In the drawings:
FIG. 1 is a longitudinal sectional view of the probe of the present invention.
FIG. 2 is an enlarged fragmentary sectional view of the extreme outer end of the instrument.
FIG. 3 is a schematic view showing application of the instrument to the eyeball.
The present instrument comprises a probe suitably dimensioned to be held in the hand and having a twopart casing consisting of hollow bottom and top parts 11 and 12, which are threaded together at a transverse joint 15. Bottom part 11 is, as shown in FIG. 3, octagonal in shape so that the instrument does not roll on a slanted surface. Interiorly of the casing is differential transformer Winding 13 of a type well known in this field, not herein shown in detail, which is enclosed in a toroidal covering 14. A set screw 21 in portion 11 secures the transformer housing 14 in accurate adjusted longitudinal position. The lead Wires 16 of the transformer connect to socket elements 17 at the top which, in normal usage, are connected by means of plug 18 inserted through the end of top 12 to lead wires 19 and thence to the amplifier and recording portions of the instrument (not shown) of a well known type.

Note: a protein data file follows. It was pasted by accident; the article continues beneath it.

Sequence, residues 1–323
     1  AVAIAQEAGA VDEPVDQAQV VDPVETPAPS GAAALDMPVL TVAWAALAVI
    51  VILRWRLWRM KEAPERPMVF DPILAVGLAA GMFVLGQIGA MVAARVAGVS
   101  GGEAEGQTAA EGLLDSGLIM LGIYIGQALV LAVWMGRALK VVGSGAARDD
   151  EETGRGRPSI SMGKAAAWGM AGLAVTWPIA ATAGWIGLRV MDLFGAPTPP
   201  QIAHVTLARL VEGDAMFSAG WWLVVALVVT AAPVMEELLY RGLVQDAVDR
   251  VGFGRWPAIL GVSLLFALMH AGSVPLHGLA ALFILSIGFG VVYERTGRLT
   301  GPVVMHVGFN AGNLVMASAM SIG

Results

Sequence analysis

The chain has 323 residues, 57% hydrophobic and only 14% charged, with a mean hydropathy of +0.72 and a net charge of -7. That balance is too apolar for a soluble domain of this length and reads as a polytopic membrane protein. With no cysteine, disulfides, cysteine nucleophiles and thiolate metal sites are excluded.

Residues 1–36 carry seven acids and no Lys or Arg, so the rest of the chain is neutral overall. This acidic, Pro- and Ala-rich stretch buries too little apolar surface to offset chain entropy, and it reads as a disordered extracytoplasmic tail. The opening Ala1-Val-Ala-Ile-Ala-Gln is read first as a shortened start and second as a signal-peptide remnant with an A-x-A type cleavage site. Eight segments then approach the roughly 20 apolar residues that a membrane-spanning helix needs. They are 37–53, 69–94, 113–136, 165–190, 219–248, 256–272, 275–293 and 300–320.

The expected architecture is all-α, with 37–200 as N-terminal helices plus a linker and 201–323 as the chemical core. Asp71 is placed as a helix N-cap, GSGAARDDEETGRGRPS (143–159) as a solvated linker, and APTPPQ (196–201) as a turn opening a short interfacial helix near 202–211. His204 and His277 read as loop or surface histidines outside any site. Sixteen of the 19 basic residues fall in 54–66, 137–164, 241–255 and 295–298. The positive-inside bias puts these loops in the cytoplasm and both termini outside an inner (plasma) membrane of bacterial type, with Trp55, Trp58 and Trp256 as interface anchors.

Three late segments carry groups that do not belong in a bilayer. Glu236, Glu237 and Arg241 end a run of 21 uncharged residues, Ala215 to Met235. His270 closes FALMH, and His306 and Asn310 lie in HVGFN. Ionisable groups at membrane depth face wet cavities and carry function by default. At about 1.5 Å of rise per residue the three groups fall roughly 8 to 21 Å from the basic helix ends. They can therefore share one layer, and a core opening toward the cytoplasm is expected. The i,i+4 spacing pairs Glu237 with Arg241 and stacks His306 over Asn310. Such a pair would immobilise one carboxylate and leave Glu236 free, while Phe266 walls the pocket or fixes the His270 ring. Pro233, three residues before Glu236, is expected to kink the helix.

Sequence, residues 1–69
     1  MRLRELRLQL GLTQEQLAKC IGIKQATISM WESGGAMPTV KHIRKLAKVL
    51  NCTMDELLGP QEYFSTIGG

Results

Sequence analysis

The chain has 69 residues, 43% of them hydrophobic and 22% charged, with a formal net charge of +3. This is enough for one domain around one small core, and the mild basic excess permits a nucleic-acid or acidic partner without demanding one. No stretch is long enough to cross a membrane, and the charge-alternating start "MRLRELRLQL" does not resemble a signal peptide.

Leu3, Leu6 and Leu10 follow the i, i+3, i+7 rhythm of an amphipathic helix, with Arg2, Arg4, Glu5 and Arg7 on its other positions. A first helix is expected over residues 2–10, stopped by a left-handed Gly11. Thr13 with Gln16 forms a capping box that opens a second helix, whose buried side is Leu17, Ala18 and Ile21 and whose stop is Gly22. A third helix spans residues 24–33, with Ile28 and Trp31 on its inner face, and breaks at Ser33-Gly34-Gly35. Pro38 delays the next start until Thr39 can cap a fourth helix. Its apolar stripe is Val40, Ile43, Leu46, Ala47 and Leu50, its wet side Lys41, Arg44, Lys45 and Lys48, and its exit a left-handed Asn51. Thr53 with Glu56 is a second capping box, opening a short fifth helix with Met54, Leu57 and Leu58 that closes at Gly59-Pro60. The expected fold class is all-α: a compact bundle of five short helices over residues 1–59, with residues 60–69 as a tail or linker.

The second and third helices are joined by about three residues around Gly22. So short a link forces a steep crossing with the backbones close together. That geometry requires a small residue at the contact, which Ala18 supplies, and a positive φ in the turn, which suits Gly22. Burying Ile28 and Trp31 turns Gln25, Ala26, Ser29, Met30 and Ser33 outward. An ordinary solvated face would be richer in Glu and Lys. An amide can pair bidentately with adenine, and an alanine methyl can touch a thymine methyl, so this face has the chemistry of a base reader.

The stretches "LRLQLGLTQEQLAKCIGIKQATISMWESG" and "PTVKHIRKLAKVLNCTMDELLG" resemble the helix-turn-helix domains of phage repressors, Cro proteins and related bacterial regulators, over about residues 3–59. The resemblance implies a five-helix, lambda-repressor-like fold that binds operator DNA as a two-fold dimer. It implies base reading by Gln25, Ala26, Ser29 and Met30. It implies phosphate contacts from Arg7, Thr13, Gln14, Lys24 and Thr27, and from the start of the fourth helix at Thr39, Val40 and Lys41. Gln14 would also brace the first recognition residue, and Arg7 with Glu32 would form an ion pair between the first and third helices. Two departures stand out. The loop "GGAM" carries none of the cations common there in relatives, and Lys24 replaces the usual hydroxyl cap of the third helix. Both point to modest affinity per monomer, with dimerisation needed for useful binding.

The tip 22 of bottom 11 is frusto-conical terminating in a recessed peripheral step 23, for a purpose hereinafter explained. There is an annular fiat end 24 inside step 23 and inward of flat end 24 is cylindrical bore 26. Flat end 24 is formed with a circumferential groove 2'7 which has a diameter of about 0.020" is semicircular cross-section and is spaced out from bore 26 a distance of about 0.005". The purpose of groove 2'7 is to improve the pressure point indication of the differential transformer excitation record. Fitting across flattened end 24 and the window 28 at the end of bore 26 and thence into step 23 is a thin stainless steel diaphragm 29 of about 0.125" thickness. Diaphragm 29 has a circular disc of a diameter equal to the outside diameter of end 24 and a peripheral flange 3i fitting into step 23. A compression ring 32 is force fit over flange 31 and fills out step 23 to the contour of conical tip 22 and secures diaphragm 29 in place by compression against step 23. The diaphragm 29 is extremely flexible and the annular groove 27 improves flexibility thereof. Hence, when tip 23 is pressed against the eyeball (FIG. 3), intraocular pressure causes deflection of the diaphragm 29 from a planar configuration.